Sleeper Cell Infiltrates the Food Network

Rachel Ray might be a terrorist.  Not really, but to a few right-wing ideologists, the $40 Dollar a Day connoisseur set signals of being a terrorist sympathizer in her latest Dunkin’ Donuts campaign for adorning what they are scolding to be a keffiyeh.

The keffiyeh, which is traditionally worn by Arab men (and New York hipsters as Eater was so forward in pointing out) was said to be resting on Ray’s shoulders in her latest DD spot, and allied here with “Islamic jihad and its apologists.’’  At first the PR set claimed it was not a matter of concern but eventually giving into pressure from right-wing types like, Michelle Malkin, of Fox News, who vehemently wrote in her syndicated column:

‘‘The keffiyeh, for the clueless, is the traditional scarf of Arab men that has come to symbolize murderous Palestinian jihad… Popularized by Yasser Arafat and a regular adornment of Muslim terrorists appearing in beheading and hostage-taking videos, the apparel has been mainstreamed by both ignorant and not-so-ignorant fashion designers, celebrities, and left-wing icons.’’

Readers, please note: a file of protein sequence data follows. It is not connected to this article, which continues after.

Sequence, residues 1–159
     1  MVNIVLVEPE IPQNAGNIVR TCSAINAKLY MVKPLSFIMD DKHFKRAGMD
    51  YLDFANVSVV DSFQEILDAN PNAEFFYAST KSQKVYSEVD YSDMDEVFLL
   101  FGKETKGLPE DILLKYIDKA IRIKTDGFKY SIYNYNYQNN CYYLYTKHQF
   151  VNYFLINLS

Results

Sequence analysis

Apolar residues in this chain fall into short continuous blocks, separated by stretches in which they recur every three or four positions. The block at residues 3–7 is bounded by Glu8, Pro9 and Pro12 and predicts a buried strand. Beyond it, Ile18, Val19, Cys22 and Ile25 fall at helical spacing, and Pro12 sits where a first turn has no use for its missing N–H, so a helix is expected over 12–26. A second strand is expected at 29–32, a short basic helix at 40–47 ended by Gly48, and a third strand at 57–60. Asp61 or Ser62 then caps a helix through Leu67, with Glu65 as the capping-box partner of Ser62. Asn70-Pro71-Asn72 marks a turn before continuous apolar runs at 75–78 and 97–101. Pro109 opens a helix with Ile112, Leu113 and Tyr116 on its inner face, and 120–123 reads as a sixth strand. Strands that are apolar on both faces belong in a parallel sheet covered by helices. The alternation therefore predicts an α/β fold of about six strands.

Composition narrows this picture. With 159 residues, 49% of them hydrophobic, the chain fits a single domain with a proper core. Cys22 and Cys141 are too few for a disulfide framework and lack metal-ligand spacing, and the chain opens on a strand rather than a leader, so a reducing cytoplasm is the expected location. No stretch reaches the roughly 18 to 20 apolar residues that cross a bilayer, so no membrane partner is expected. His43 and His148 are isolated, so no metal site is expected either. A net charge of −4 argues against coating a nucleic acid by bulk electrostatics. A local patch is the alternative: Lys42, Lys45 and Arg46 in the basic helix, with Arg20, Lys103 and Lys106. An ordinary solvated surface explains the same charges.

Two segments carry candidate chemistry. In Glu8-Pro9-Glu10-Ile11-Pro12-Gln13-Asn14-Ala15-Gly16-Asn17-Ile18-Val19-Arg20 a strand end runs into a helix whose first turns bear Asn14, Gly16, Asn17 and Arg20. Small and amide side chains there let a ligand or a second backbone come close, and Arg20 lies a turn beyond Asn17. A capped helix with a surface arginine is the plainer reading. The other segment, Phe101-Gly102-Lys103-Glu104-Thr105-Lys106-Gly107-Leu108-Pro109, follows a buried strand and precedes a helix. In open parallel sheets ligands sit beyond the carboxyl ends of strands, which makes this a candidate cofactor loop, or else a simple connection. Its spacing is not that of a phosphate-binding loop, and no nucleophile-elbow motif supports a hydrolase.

The powers that be felt it necessary to pull the ad, stating:

“In a recent online ad, Rachael Ray is wearing a black-and-white silk scarf with a paisley design.  It was selected by her stylist for the advertising shoot.  Absolutely no symbolism was intended.  However, given the possibility of misperception, we are no longer using the commercial.’’

Rachel Ray, as of yet, has not offered a public statement.  Nor, should we expect her too.  Chalk this one up to a “wardrobe malfunction”.

One reply on “Sleeper Cell Infiltrates the Food Network”
  1. says: Kristen King

    Oh for goodness’ sake. This is ridiculous. It’s a SCARF in a DUNKIN’ DONUTS commercial. People need to stop LOOKING for things to get all heated up about. I’m starting to think we’re never going to get past this era of constant panic and name-calling (because yeah, calling someone a terrorist is name-calling). Grow up, folks.

    And just to be clear, Rob, I don’t fault you for reporting the event — I fault the people who are freaking out about it.

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